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Proficiency testing for laboratories performing fluorescence in situ hybridization with chromosome-specific DNA probes.

Authors
  • Mascarello, James T
  • Brothman, Arthur R
  • Davison, Keri
  • Dewald, Gordon W
  • Herrman, Marille
  • McCandless, Danette
  • Park, Jonathan P
  • Persons, Diane L
  • Rao, Kathleen W
  • Schneider, Nancy R
  • Vance, Gail H
  • Cooley, Linda D
Type
Published Article
Journal
Archives of pathology & laboratory medicine
Publication Date
Dec 01, 2002
Volume
126
Issue
12
Pages
1458–1462
Identifiers
PMID: 12456204
Source
Medline
License
Unknown

Abstract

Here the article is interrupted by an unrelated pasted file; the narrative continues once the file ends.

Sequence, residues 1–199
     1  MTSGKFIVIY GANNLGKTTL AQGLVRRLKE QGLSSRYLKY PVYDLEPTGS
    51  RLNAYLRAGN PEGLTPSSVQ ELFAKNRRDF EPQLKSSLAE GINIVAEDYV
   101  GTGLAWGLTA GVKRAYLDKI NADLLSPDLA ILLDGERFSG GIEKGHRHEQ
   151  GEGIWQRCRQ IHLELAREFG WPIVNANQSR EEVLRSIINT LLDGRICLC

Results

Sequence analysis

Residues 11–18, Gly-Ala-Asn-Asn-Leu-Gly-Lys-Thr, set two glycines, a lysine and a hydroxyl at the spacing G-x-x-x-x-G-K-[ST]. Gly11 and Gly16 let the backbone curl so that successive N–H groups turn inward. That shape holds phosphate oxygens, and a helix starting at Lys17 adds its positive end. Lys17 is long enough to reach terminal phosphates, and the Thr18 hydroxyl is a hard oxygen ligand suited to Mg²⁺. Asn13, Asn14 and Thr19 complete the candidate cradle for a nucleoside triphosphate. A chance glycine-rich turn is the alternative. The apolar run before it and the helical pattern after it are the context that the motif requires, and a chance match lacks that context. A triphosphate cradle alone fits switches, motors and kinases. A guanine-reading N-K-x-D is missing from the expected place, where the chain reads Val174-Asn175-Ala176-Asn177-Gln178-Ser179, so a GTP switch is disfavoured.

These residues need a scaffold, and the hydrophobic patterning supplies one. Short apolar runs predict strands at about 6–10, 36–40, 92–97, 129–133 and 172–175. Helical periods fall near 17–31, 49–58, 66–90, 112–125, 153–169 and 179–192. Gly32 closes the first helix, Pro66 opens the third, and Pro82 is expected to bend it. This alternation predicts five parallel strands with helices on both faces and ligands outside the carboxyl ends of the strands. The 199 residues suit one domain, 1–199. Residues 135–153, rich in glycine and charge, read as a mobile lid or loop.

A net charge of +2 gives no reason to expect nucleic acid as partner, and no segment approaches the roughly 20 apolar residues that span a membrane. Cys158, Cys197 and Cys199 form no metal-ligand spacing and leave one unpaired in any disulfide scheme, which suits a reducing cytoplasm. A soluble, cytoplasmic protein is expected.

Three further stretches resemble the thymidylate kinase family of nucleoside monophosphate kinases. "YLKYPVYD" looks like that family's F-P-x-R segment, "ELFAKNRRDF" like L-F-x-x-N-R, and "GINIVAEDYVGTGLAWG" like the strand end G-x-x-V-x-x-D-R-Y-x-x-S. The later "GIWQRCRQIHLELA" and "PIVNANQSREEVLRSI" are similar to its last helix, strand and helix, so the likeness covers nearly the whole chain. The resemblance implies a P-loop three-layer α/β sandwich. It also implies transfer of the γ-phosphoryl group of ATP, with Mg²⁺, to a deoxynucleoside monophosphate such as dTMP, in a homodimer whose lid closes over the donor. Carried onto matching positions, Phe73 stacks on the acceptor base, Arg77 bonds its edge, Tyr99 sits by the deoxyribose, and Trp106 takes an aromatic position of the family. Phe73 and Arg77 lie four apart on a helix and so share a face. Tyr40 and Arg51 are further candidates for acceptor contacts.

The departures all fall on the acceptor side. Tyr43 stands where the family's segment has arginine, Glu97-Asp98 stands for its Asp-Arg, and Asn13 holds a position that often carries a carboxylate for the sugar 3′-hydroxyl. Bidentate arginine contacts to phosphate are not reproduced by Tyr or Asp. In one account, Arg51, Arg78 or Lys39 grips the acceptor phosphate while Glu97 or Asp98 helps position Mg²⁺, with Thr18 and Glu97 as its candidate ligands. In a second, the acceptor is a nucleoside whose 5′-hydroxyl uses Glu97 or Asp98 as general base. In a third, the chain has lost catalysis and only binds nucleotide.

With the exception of one challenge, at least 80% of the participants reached the correct diagnostic conclusion. In the sole exception, there was still a consensus of 91.7% of participants with the same (albeit erroneous) diagnostic conclusion. The overall outstanding performance of participating laboratories clearly shows the reliability of current FISH methods. Despite the fact that a large number of laboratories reported little or no experience with the specific test systems, the overwhelming majority performed very well. This result shows that the program's strategy of targeting classes of abnormalities (vs a single abnormality associated with a specific disease) did not put at a disadvantage participants who did not routinely perform all of the potential tests in the class. The extraordinary variation in ISCN descriptions submitted by participants showed that the existing system for human cytogenetic nomenclature is not suitable for facile communication of FISH test results.

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